Sunday, December 26, 2010

Pizza Gana alla Momma

Pizza Gana alla Momma
(Mom's Meat Pie)
Makes 1 pizza 13x9x2 inches
This is a family Christmas tradition, it is rich and relatively expensive to make but well worth the cost.  Its rich, subtle flavour is addictive to those that taste it, so much so that one friend of ours travels 400 miles each Christmas to trade her special fudge for it.  The recipe multiplies nicely; merely keep the proportions the same.  Pizza Gana is also known as Pizza Rustica or Pizza Carne in some regions.



1/2 pound Prosciutto ham, sliced very thin
1/2 pound Cappacola ham, sliced very thin
1/2 pound Genoa Salami, sliced very thin
1/2 pound good Pepperoni, sliced very thin
1-pound Mozzarella cheese, coarsely grated
3 pounds Ricotta cheese
6 eggs
1/8 teaspoon Nutmeg
salt and pepper to taste

pie crust (or use your own recipe or a commercial pie crust):

3 1/2 cups sifted all-purpose flour
1 1/2 teaspoons salt
1 1/6 cups shortening
9 to 12 tablespoons cold water


Filling  preparation:

1.  Preheat oven to 400º.  Into a large bowl, tear individual slices of each cold cut (except pepperoni) into pieces about the width and length of one's thumb (about 1"x 2" pieces).  Add the slices of pepperoni without tearing.  Toss the mixture to evenly distribute the different meats.

2.  Add the grated Mozzarella, Ricotta, eggs, and nutmeg and mix thoroughly with your hands until all ingredients have been evenly distributed.  Taste the mixture and add salt and pepper to taste, insure you mix thoroughly after adding the salt and pepper.

Pizza crust preparation:

3.  Sift flour and salt together; cut in shortening with a fork until the pieces are the size of small peas.  Sprinkle 1 tablespoon water over part of the mixture and toss with fork, push the moistened flour mixture to side of bowl.  Repeat until all the flour mixture has been moistened.  Divide mixture and form into two balls.

4.   On a lightly floured surface, flatten one of the balls of dough.  Roll the dough out, starting from the center, to a rough rectangle large enough to cover the bottom and sides of a lightly greased, rectangular, glass baking dish (approximately 13x9x2 inches in size) and about 1/8 inch thick. 

5.  Place dough sheet into baking dish and form to cover the bottom and sides.  Add the filling mixture and distribute evenly.   On a lightly floured surface, roll out the second ball of dough to roughly the same size as the first and about 1/8 inch thick.  Cut into strips of dough 1/2 to 3/4 inches wide.  Lay strips on filled pie at about 1 inch intervals across the width of the pie, fold back alternate strips and begin forming a lattice by interweaving strips placed at 1 inch intervals down the length of the pie (beginning 1 inch from the upper edge) with the strips along the width.   After the lattice has been formed, trim excess dough around the edges of the dish by running a sharp knife along the outer rim of the dish.  Seal edges.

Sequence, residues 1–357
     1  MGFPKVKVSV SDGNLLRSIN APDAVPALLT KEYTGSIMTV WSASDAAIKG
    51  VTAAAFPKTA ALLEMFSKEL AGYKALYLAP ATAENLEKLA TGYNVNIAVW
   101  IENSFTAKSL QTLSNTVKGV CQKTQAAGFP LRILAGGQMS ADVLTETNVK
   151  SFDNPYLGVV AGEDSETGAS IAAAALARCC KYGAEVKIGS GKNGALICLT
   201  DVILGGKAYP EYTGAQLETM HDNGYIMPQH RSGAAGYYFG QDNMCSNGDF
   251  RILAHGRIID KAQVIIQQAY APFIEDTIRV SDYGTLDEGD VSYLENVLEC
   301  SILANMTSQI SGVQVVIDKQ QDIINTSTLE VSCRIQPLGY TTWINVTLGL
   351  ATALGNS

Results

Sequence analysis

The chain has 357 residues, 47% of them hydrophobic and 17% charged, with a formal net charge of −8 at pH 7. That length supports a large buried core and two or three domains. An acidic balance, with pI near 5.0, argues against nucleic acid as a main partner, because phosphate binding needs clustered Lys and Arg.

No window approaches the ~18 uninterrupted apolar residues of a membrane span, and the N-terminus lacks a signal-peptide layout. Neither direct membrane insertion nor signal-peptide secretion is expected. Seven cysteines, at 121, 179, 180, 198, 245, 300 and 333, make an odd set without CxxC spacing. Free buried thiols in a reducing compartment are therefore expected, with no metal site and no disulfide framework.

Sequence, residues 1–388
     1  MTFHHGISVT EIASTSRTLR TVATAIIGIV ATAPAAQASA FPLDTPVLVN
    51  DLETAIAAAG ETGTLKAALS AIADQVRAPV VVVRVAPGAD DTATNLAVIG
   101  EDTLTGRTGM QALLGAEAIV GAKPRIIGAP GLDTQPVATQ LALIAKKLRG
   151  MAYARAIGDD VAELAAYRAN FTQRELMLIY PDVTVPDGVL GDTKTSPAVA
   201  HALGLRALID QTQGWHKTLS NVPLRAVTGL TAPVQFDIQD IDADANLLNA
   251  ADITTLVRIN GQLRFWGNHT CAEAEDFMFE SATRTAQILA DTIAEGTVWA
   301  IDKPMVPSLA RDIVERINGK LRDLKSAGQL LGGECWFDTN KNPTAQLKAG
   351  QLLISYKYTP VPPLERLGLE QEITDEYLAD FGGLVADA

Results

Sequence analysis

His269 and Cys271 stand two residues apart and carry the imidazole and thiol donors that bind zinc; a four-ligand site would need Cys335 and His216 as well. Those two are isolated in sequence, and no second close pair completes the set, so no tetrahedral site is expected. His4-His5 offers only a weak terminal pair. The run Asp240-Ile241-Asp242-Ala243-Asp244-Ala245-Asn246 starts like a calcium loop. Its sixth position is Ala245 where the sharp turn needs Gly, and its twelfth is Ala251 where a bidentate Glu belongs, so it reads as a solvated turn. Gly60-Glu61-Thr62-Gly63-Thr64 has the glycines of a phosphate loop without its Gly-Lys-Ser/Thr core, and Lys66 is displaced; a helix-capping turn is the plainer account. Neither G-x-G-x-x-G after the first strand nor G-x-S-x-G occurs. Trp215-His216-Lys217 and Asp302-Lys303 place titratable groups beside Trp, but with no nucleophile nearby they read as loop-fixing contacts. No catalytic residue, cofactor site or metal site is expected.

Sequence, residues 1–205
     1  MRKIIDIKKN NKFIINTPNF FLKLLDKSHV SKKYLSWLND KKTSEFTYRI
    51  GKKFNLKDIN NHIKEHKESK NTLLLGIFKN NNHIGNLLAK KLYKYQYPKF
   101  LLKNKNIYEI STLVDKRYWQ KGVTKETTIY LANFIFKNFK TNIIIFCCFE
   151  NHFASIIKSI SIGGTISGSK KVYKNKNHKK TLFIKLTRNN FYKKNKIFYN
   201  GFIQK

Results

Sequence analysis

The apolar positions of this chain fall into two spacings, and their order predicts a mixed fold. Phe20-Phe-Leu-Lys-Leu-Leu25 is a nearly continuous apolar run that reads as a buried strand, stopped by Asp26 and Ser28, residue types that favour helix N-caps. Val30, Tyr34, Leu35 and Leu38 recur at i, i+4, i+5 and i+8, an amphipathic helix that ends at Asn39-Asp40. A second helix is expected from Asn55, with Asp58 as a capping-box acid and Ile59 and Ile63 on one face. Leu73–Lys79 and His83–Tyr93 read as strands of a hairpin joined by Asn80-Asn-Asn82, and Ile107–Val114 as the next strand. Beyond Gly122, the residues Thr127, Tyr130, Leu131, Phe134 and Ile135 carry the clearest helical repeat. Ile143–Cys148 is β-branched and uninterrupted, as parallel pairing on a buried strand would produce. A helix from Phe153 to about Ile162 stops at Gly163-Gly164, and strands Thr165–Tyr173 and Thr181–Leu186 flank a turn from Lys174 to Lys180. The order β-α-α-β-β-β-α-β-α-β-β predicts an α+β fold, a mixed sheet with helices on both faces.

6.  Place the pie in the middle of the preheated oven and bake until the latticed top of the pie is golden brown, about 1 1/4 to 1 1/2 hours.  Allow the pie to cool and set completely before cutting and serving (the pizza is customarily made the day before it is to be served and allowed to cool over night.  It is normally cut into 3-inch cubes for serving).

Thursday, December 2, 2010

Cincinnati Chili

Cincinnati Chili 
serves 4
Cincinnati-style chili is an enduring American classic that I first tasted in the Cincinnati  airport while on  a business trip.  Whether prepared two-way (chili over spaghetti), three-way (with cheese), four-way (with onions), or five-way (with a finishing flourish of kidney beans) it's an interesting twist on both chili and spaghetti.


1 1/2 pounds ground beef
2 tablespoons olive oil
1 1/4 teaspoons granular garlic
2 tablespoons chili powder
1 1/2 teaspoon ground cinnamon
1/2 teaspoon ground allspice
1/2 teaspoon ground cloves
1/2 teaspoon ground cumin
1 teaspoon dried oregano
1/2 teaspoon ground nutmeg
1/2 teaspoon celery seed
1 dried bay leaf
Kosher or sea salt, to taste
freshly ground black pepper,  to taste
2 cups tomato sauce
1 tablespoons unsweetened cocoa powder
1 cup water*

4 cups finely grated cheddar cheese (optional)
2 medium yellow onions, finely chopped (optional)
1  15-ounce can red kidney beans, rinsed  under hot water and drained (optional)

3/4 pound dried spaghetti


1. In a large (12-inch) sauté pan over medium-high heat bring oil to the ripple stage.  Add garlic and half of the onions and cook, stirring occasionally, until lightly browned, 5–6 minutes. 

2.  Add beef and cook, stirring, until  it  begins to brown.  Add the chili powder, cinnamon, allspice, cloves, cumin, oregano, nutmeg, celery seed, bay leaf, and salt and pepper and cook, stirring occasionally, until well browned, 6–8 minutes. Tilt skillet and spoon out and discard any accumulated fat. 

3.  Add tomato sauce, cocoa powder, and water; bring the mixture to a boil. Reduce heat to medium-low and cook, partially covered, until somewhat thick*, about 25 minutes.

4.  For a two-way, bring a large pot of salted water to a boil over medium-high heat.  Add spaghetti and cook, stirring occasionally, until al  dente, 6-8 minutes; drain.

5.   Meanwhile, for a four way, heat beans in a small pot and cook over medium heat, covered, stirring occasionally, until hot throughout. 

6.  Divide spaghetti between 4 large bowls.  For a two-way, top each bowl of spaghetti with 1/4 of the chili;  for a three-way, top with cheese; for a four-way top each bowl  with some of the remaining onions; and for a five-way top with beans. Serve hot, with oyster crackers on the side.

*additional water can be added if chili is too "tight"

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